Love, Depression and Overdue Realizations

Depression is a state of low mood and aversion to activity that can affect a person’s thoughts, behavior, feelings and sense of well-being.[1][2] People with depressed mood can feel sad, anxious, empty, hopeless, helpless, worthless, guilty, irritable, ashamed or restless. They may lose interest in activities that were once pleasurable, experience loss of appetite or overeating, have problems concentrating, remembering details or making decisions, and may contemplate, attempt or commit suicide. Insomnia, excessive sleeping, fatigue, aches, pains, digestive problems or reduced energy may also be present.[3] — source: wikipedia, because if its not webMD what the hell else do we google?

Some of us take it lightly and make a joke out of it, “I’m so depressed they lost the game man” or “that is so depressing!”. However, some of us are actually in a mental and physical state of demotivation, dissatisfaction and possess an inability to get out of bed in the morning because we see no logical reason to exist anymore – metaphorically speaking, it’s a parasitic envelopment that can affect even the most optimistic and kindest of souls, that can cause hostile, unrecognizable behaviour – and the clinical term that has been slapped and labelled on to those feelings is known as depression.

I once loved someone who was suffering with what I now, after nearly two years of not being in contact with said person, think could have been depression. Perhaps I didn’t love him, maybe it was just sheer high school infatuation that turned into a familiar attachment when we both flew 7,000 miles away from the city we grew up in – a city where things like depression simply didn’t exist. I say this because had I loved someone who was suffering through something as life-altering as this, I would have been understanding and unconditionally supportive as opposed to self-serving, selfish and persistent.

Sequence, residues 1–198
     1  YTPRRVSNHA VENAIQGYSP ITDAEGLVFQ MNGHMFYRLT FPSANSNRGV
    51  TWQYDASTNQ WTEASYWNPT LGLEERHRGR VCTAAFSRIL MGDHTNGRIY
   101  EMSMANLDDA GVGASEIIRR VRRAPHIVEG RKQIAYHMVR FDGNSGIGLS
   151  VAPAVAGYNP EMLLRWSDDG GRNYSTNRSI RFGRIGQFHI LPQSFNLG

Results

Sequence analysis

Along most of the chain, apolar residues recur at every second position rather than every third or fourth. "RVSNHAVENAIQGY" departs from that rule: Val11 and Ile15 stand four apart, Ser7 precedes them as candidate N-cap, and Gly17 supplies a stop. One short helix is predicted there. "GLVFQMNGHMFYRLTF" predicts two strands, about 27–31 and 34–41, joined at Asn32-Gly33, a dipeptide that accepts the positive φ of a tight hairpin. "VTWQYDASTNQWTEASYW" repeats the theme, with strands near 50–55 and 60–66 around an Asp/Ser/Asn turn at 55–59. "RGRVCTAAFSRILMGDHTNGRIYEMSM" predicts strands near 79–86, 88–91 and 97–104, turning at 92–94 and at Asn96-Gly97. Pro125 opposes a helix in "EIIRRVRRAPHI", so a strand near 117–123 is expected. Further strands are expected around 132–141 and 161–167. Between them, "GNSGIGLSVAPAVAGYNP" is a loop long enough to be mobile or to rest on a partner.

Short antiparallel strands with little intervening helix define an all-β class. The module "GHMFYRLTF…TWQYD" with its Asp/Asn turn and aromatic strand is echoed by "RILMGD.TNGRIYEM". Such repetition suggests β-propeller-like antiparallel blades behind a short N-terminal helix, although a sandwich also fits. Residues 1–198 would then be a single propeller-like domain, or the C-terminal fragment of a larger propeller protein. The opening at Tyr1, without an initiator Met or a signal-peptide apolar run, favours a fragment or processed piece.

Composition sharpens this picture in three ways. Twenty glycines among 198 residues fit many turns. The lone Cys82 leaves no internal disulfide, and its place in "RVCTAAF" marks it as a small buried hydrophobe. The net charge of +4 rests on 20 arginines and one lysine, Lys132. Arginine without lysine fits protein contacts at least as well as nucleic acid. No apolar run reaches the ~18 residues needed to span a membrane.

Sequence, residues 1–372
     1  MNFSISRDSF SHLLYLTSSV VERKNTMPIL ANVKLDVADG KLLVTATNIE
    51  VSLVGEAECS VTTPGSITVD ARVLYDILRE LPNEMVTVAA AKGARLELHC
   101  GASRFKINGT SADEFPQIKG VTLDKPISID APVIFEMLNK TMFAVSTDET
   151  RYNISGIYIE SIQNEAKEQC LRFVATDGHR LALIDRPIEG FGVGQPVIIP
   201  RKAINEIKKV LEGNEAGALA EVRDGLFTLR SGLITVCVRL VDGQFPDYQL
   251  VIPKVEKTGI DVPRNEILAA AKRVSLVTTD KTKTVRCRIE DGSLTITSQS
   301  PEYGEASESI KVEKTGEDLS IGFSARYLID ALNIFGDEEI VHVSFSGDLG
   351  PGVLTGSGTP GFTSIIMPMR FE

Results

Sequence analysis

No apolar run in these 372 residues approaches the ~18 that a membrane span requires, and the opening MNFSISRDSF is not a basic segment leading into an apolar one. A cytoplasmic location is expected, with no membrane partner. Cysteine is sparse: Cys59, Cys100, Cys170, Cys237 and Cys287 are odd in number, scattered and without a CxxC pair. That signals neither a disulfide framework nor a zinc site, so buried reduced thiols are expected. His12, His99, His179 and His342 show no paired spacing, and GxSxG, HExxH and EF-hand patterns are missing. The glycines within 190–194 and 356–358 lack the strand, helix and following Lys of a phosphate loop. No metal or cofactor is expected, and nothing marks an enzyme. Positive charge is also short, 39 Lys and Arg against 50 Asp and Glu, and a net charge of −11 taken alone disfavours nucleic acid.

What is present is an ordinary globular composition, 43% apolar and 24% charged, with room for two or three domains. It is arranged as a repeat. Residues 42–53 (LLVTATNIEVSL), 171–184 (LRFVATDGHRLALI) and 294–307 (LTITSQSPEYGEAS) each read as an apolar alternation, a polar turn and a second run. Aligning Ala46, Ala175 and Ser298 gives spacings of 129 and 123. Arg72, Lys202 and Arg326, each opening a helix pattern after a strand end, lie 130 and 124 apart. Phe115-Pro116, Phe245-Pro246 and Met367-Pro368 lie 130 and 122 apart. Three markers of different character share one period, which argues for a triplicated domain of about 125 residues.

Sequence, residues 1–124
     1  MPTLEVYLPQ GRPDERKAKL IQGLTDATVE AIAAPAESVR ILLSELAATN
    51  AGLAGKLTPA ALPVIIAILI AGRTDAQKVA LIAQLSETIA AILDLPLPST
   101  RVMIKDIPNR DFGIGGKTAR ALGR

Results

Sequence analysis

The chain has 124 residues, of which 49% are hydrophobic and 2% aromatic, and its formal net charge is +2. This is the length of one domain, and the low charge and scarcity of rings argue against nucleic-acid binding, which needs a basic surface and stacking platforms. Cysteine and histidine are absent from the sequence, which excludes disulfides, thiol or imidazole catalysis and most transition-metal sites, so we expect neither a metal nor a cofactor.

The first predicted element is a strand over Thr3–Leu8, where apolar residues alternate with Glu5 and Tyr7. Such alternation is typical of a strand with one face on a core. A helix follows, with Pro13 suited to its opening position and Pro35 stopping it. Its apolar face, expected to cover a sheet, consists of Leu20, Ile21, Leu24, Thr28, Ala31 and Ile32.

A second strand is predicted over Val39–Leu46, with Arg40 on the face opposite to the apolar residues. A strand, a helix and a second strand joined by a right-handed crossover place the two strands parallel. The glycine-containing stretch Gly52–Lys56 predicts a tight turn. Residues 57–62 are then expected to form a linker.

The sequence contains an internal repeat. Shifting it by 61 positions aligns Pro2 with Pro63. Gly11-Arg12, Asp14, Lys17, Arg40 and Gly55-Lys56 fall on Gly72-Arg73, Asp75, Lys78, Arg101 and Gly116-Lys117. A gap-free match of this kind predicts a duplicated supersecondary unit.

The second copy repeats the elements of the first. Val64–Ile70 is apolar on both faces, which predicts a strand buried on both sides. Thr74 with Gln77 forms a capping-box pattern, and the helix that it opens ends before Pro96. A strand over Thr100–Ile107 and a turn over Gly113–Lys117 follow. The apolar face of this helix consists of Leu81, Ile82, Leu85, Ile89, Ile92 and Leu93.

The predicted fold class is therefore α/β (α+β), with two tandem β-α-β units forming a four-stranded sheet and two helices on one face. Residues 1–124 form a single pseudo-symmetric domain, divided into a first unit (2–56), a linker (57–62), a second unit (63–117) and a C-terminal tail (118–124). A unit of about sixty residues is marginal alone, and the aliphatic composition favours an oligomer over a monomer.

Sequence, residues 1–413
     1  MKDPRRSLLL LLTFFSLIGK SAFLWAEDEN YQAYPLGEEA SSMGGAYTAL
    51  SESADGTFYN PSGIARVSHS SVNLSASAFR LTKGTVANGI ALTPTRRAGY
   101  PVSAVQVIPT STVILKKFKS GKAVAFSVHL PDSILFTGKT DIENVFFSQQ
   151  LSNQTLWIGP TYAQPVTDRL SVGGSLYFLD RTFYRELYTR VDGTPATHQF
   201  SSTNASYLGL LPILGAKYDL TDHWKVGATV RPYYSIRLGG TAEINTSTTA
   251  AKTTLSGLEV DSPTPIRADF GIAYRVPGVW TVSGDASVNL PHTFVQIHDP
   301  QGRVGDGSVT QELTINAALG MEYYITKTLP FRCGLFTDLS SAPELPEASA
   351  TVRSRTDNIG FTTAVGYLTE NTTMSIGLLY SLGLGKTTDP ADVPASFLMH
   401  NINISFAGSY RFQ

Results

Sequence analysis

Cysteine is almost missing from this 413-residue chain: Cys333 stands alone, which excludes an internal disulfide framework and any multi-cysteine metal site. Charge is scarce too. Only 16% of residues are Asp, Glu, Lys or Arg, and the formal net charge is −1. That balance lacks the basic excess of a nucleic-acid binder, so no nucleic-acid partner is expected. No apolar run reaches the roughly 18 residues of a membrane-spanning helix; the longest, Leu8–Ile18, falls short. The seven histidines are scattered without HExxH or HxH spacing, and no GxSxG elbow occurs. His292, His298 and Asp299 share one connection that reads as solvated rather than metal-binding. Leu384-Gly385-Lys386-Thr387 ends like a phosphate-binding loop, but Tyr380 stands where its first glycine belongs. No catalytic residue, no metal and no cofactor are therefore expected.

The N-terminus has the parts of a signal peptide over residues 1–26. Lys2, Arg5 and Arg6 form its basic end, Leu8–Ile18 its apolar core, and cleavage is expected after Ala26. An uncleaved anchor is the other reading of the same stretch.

But I was, and of course many eons later I realized that anyone who can no longer recognize their own reflection in the mirror, would not want to indulge in anything that would worsen how they already feel. I did the worst possible things one could do when someone they care about is unhappy; a) I believed that their behaviour was personally targeted at me, thus leading me to believe there was something wrong with me (i.e. I revolved the entire situation around myself) and b) I pushed for a relationship without considering the fact that he was not in a state of mind to pursue one because he was unsure of what even made him happy, if that could even be me, and that maybe he hadn’t even begun healing the scars and the trauma I had previously left him with.

I believe all a loved one going through depression needs is unconditional support. Nothing more, nothing less.

However, in my opinion it is illogical to think you are obligated to support a loved one who is depressed – you are entitled to putting yourself first.

Trust is an essential part of any relationship, without trust you have no grounds for a basic foundation. I lied, and I used to have a terrible habit of never sticking to my word, which eventually I evolved past because breaking promises is something only someone who lacks integrity does. I did not want to be that person. It had never occurred to me that lying to someone who cares about you, who eventually finds out, completely shape shifts their reality and possibly even leaves them traumatized (such factors could contribute to depression in an individual).

Furthermore, I came to this realization when a friend of mine was diagnosed with Manic Depression. Seeing the drastic changes in his behaviour and attitude during each different phase and post-medication helped me understand that no-one voluntarily decides to be unhappy or come across as ungrateful. Life isn’t all sunshine, Carebears or even Barney (who turned out to be a child molester, case in point #1) — Growth pains and spurts are mental, too. As my roommate says, the best tool that helped her overcome depression was her mind. Logic can combat any kind of negative perspective. Anyone who has ever gone through depression is highly intelligent, defies ignorance and always comes out of it stronger. Depression is nothing to ever be ashamed of, without pain and suffering, how would we ever be able to truly appreciate and experience joy?

Perhaps my whole theory is completely off-point, and if said person were to ever read this, maybe they’d be furious at the incorrect assumption I’ve made. But my intention is simply to portray that regardless of how long its been since we’ve spoken, or the fact we came to the conclusion it’d be best to remain out of each other’s lives, regardless of where it may be coming from: one of the greatest things a human being can do for another is to simply understand them.

And I’m sorry I couldn’t understand you then, when you needed it the most.

Peace and love.